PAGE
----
Aromatase expression in atypical ductal hyperplasia in women

R. J. Santen, Derek C Radisky, Amy C Degnim, M. H. Frost, Celine M Vachon, Karthik Ghosh, F. Guestini, K. M. McNamara, H. Sasano

Research output: Contribution to journalArticle

3 Citations (Scopus)

Abstract

Purpose: To determine the levels of aromatase in atypical ductal hyperplasia (ADH) lesions, tissue surrounding the ADH, and in dense and non-dense normal breast tissue. We postulated that excess aromatase in breast tissue might, through production of increased estrogen, drive the carcinogenic process. Estrogens and their metabolites are thought to contribute to the development of breast cancer through estrogen receptor-mediated mechanisms and genotoxic effects of estrogen metabolites. ADH is a benign lesion of the breast which is associated with substantially increased risk for subsequent development of breast cancer. After 25 years, approximately 30% of women with ADH develop breast cancer. In women with three or more separate ADH lesions at the same time, 47% will develop breast cancer over that time period. Another important risk factor for breast cancer is the presence of mammographically dense breast tissue. Methods: We utilized quantitative immunochemical analysis of aromatase in biopsy tissue to test this possibility. Previously published results comparing dense with non-dense breast tissue in normal women (Vachon et al. Breast Cancer Res Treat 125:243–252, 2011) were used for comparisons with ADH. A well-characterized histochemical H-score was employed for quantitative assessment of aromatase in the various tissue studied. Results: The H-score of aromatase staining was statistically significantly higher (p = 0.003) in the ADH epithelium than surrounding epithelial tissue. In order of H-score from highest to lowest were ADH, issue surrounding ADH, dense normal and non-dense normal breast tissues. The levels of aromatase in a subset of women with ADH who went on to develop breast cancer were not higher than in women who did not. Conclusions: We suggest from these studies that overexpression of aromatase in breast tissue and its resultant increase in estradiol levels may contribute to the later development of breast cancer in women with ADH.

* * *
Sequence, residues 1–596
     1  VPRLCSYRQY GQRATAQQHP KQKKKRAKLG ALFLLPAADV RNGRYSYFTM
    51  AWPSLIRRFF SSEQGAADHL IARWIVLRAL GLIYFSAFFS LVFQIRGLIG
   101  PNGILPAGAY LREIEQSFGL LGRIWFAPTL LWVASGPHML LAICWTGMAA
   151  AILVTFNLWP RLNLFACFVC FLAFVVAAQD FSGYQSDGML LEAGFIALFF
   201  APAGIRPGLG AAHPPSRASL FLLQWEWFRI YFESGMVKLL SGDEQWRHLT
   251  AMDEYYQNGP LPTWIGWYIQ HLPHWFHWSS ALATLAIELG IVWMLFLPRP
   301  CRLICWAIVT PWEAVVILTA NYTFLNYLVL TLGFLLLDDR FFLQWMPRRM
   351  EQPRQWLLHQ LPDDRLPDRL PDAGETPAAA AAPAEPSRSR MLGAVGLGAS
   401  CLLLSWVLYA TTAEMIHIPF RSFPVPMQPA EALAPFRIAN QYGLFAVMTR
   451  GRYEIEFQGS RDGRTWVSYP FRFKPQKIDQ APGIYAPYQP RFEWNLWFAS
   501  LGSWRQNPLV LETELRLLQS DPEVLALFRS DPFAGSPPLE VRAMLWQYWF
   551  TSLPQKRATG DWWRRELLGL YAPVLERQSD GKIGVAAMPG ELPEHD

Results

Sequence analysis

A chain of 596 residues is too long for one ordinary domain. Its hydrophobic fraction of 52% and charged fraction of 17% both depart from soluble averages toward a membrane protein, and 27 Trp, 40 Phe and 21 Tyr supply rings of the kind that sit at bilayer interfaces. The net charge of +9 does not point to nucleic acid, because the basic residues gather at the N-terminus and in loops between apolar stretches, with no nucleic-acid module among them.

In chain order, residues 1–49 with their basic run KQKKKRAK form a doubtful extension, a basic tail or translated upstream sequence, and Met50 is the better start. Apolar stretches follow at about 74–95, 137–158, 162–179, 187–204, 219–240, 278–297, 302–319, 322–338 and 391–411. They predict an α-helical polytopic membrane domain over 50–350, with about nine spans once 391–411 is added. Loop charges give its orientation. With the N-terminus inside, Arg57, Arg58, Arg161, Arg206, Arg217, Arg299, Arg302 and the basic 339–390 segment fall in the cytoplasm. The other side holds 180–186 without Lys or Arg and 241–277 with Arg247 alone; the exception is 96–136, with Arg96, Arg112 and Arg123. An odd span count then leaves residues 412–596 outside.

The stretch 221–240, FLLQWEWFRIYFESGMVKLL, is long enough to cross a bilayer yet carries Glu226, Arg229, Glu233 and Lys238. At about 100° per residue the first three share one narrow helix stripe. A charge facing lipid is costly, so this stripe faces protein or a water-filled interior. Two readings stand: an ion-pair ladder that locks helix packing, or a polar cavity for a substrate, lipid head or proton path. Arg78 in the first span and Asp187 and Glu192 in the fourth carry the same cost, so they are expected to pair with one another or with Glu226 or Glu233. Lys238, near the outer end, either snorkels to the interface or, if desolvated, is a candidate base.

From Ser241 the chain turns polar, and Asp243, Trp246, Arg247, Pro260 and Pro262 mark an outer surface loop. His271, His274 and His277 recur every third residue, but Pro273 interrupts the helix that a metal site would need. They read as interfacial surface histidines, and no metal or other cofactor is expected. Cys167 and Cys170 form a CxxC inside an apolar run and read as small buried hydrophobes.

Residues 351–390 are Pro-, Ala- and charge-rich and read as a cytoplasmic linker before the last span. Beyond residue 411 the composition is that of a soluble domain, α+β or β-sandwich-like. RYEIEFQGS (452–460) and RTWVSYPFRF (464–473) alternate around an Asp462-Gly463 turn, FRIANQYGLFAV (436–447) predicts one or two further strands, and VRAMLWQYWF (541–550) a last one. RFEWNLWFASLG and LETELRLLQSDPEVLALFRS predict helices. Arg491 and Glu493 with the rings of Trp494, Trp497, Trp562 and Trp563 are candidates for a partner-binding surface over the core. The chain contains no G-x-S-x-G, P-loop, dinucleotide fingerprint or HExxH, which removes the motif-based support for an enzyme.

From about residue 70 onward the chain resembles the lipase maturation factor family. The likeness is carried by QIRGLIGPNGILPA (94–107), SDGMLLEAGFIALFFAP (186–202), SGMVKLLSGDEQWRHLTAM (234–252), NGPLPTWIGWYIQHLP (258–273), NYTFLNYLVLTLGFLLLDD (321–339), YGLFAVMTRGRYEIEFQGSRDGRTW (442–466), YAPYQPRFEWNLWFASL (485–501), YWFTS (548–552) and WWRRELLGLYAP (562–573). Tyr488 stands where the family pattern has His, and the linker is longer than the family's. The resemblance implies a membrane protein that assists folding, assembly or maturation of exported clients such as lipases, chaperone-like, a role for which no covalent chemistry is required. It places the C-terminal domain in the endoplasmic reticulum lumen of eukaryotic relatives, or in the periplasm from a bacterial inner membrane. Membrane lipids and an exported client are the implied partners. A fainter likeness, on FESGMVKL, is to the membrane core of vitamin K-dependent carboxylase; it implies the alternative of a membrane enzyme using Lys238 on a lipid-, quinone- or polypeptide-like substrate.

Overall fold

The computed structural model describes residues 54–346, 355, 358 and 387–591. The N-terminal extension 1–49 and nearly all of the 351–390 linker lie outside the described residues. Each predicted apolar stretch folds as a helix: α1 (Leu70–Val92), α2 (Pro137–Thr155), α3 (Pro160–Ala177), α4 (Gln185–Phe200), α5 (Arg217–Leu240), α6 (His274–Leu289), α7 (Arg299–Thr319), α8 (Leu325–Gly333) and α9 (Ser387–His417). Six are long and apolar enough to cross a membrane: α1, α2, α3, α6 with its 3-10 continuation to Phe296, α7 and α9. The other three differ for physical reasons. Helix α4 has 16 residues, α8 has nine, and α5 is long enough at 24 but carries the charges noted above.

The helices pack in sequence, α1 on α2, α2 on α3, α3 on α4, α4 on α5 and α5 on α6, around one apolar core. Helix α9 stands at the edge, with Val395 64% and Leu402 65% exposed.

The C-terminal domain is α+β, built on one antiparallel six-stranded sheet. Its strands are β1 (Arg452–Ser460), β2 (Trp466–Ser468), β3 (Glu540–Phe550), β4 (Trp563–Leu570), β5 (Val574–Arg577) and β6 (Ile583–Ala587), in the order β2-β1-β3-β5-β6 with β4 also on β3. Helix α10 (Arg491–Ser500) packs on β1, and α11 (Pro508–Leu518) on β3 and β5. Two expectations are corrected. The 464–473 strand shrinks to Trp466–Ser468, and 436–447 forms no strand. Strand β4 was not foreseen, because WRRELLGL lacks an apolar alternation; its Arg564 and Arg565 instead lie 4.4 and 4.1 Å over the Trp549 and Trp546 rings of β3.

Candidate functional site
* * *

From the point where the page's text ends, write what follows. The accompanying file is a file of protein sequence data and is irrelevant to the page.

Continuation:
Original languageEnglish (US)
Pages (from-to)1-7
Number of pages7
JournalBreast Cancer Research and Treatment
DOIs
StateAccepted/In press - Mar 23 2017

Fingerprint

Carcinoma, Intraductal, Noninfiltrating
Aromatase
Breast
Breast Neoplasms
Estrogens
Epithelium
Estrogen Receptors
Estradiol
Staining and Labeling

Keywords

  • Aromatase
  • Atypical ductal hyperplasia
  • Breast cancer
  • Risk factors

ASJC Scopus subject areas

  • Oncology
  • Cancer Research

Cite this

Aromatase expression in atypical ductal hyperplasia in women. / Santen, R. J.; Radisky, Derek C; Degnim, Amy C; Frost, M. H.; Vachon, Celine M; Ghosh, Karthik; Guestini, F.; McNamara, K. M.; Sasano, H.

In: Breast Cancer Research and Treatment, 23.03.2017, p. 1-7.

Research output: Contribution to journalArticle

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abstract = "Purpose: To determine the levels of aromatase in atypical ductal hyperplasia (ADH) lesions, tissue surrounding the ADH, and in dense and non-dense normal breast tissue. We postulated that excess aromatase in breast tissue might, through production of increased estrogen, drive the carcinogenic process. Estrogens and their metabolites are thought to contribute to the development of breast cancer through estrogen receptor-mediated mechanisms and genotoxic effects of estrogen metabolites. ADH is a benign lesion of the breast which is associated with substantially increased risk for subsequent development of breast cancer. After 25 years, approximately 30{\%} of women with ADH develop breast cancer. In women with three or more separate ADH lesions at the same time, 47{\%} will develop breast cancer over that time period. Another important risk factor for breast cancer is the presence of mammographically dense breast tissue. Methods: We utilized quantitative immunochemical analysis of aromatase in biopsy tissue to test this possibility. Previously published results comparing dense with non-dense breast tissue in normal women (Vachon et al. Breast Cancer Res Treat 125:243–252, 2011) were used for comparisons with ADH. A well-characterized histochemical H-score was employed for quantitative assessment of aromatase in the various tissue studied. Results: The H-score of aromatase staining was statistically significantly higher (p = 0.003) in the ADH epithelium than surrounding epithelial tissue. In order of H-score from highest to lowest were ADH, issue surrounding ADH, dense normal and non-dense normal breast tissues. The levels of aromatase in a subset of women with ADH who went on to develop breast cancer were not higher than in women who did not. Conclusions: We suggest from these studies that overexpression of aromatase in breast tissue and its resultant increase in estradiol levels may contribute to the later development of breast cancer in women with ADH.",
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AU - Degnim, Amy C

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AU - Ghosh, Karthik

AU - Guestini, F.

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AU - Sasano, H.

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